How to keep your birds free of chicken pox

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What cures fowl pox in small chicks?

Chicken pox or fowl pox is a viral disease caused by a virus. The disease is common in birds such as chickens, turkeys and pigeons.

Dry form: There are two forms of chicken pox in chickens – dry form and wet form. Chicken with the dry form of the disease have wounds that resemble warts on the parts of the bird’s body that have no feathers such as the comb, wattle, ear lobes, eyes and even the feet. This form of the disease is transmitted by insects such as mosquitoes. Birds affected by the dry form of chicken pox usually recover in a few weeks without treatment.

Wet form: The second form of chicken pox or wet form is spread if the birds inhale the virus, which causes the bird to form a false lining of the tissue in the mouth, pharynx and the windpipe (trachea). Yellowish patches appear in the bird’s mouth.

The wet form of the disease is much more serious than the dry form. Fowl pox spreads slowly and a flock may be affected by the disease for several months without visible symptoms. The main symptoms to look for are:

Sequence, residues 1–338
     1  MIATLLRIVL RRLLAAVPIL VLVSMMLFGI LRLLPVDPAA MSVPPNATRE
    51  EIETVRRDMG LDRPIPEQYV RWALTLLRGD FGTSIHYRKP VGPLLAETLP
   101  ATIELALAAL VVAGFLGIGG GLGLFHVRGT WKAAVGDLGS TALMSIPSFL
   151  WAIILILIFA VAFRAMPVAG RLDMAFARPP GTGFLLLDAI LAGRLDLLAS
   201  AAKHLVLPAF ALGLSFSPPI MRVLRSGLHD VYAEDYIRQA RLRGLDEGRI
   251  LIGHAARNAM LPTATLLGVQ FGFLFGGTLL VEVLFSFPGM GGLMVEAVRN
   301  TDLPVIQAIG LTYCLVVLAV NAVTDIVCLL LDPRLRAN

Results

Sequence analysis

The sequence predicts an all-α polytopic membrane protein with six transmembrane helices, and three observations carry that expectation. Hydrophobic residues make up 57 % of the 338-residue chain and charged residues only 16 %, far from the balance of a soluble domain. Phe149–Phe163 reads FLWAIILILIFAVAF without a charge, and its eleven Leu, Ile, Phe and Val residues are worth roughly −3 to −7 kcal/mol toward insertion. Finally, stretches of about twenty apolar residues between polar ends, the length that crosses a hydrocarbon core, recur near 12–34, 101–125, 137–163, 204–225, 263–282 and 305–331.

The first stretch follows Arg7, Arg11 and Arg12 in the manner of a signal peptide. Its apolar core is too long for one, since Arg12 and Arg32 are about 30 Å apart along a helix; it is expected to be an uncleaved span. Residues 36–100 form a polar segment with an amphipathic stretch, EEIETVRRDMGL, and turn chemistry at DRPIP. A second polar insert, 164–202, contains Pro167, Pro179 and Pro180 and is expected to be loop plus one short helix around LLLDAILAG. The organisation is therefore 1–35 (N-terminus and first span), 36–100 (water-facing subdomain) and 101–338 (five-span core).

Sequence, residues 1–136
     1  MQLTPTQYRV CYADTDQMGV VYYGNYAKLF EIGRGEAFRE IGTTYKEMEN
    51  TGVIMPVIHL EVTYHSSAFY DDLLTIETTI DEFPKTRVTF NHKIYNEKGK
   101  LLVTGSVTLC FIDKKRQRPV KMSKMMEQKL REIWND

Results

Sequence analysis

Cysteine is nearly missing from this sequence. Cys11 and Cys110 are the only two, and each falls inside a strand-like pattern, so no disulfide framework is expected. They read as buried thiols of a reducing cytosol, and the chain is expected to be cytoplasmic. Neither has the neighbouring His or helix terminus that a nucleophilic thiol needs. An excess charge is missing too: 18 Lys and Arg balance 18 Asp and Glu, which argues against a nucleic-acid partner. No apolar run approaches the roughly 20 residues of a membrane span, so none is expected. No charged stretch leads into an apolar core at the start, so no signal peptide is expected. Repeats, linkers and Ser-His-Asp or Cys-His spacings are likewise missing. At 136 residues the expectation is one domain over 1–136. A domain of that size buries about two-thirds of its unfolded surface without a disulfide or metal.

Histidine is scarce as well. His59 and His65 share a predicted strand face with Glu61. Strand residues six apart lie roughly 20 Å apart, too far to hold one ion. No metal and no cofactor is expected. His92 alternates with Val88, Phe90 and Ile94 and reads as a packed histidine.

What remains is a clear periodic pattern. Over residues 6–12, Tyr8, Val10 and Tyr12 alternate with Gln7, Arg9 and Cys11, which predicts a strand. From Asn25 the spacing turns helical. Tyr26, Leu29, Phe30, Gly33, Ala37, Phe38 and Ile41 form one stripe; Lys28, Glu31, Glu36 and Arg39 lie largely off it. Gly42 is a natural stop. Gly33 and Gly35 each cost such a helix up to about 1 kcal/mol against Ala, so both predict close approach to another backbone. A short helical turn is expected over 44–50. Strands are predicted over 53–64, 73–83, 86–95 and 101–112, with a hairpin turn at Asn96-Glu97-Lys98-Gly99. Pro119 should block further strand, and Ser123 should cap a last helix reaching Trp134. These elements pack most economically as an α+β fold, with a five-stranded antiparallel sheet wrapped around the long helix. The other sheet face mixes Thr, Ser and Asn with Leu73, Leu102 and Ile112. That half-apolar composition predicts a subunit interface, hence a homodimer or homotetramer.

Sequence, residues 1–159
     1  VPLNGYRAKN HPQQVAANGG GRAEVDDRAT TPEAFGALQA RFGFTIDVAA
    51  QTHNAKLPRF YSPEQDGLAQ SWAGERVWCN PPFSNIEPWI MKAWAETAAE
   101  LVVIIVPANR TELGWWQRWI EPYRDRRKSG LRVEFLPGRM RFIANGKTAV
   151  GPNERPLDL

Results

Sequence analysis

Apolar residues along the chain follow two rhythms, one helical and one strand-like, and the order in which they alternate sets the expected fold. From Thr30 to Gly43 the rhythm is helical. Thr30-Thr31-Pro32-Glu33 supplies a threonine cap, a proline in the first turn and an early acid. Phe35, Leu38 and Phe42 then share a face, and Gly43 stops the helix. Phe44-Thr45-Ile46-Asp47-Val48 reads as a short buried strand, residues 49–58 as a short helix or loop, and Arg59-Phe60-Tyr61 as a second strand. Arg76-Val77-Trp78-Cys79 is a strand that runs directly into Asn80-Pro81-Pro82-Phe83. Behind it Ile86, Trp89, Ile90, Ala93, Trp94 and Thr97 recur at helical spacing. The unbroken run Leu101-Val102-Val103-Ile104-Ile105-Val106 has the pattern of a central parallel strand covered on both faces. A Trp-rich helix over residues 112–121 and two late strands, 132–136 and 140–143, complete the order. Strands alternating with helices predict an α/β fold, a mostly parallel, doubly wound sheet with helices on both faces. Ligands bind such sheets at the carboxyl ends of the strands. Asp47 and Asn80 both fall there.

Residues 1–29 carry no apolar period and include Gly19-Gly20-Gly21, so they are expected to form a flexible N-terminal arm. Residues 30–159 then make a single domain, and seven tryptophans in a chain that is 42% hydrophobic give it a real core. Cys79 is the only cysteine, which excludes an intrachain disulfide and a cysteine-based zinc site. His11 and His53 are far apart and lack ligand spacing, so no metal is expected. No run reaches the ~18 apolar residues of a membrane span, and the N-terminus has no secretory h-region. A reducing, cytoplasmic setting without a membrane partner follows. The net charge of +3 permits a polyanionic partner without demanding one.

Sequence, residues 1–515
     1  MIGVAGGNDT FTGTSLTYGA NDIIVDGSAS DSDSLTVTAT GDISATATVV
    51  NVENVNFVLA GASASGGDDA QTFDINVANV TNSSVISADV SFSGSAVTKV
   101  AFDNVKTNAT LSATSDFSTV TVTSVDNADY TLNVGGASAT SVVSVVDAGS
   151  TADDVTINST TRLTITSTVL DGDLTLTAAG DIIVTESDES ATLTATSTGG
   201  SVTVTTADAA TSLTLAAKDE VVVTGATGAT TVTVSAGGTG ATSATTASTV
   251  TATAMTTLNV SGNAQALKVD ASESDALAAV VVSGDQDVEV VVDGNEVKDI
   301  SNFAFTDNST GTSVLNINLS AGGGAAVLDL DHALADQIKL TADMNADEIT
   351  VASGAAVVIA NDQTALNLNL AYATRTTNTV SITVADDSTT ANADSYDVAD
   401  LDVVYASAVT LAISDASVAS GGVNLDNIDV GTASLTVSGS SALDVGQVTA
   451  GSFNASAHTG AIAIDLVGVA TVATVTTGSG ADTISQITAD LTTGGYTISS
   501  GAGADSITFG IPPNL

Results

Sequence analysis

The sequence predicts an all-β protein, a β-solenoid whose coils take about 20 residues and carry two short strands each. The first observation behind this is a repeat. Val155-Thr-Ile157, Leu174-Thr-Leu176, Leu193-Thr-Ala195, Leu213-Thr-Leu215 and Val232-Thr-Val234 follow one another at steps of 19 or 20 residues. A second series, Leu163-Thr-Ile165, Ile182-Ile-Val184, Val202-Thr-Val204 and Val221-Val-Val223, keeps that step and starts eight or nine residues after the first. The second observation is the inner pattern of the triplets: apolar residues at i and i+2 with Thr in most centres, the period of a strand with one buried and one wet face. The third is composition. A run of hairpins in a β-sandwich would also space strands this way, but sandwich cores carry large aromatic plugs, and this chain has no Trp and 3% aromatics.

• Affected birds are retarded in growth.

• Laying birds reduce their egg production.

• All the birds have difficulties in eating and breathing.


Like in all viral diseases, there is no treatment for chicken pox once the chicken are infected. If the birds have a strong immune system, they can survive the disease. The first line of defense against chicken pox is therefore prevention through vaccination and improved hygiene in the poultry sheds. Sick birds should be separated from those that appear to be healthy and provided supportive care to improve chances of their recovery.

All layers should be vaccinated.

If the mosquito population is high, all broilers should be vaccinated to protect them against infection. Chicks should also be vaccinated from day one through the wing-web method (under their wings). Vaccination offers long term immunity to the birds.

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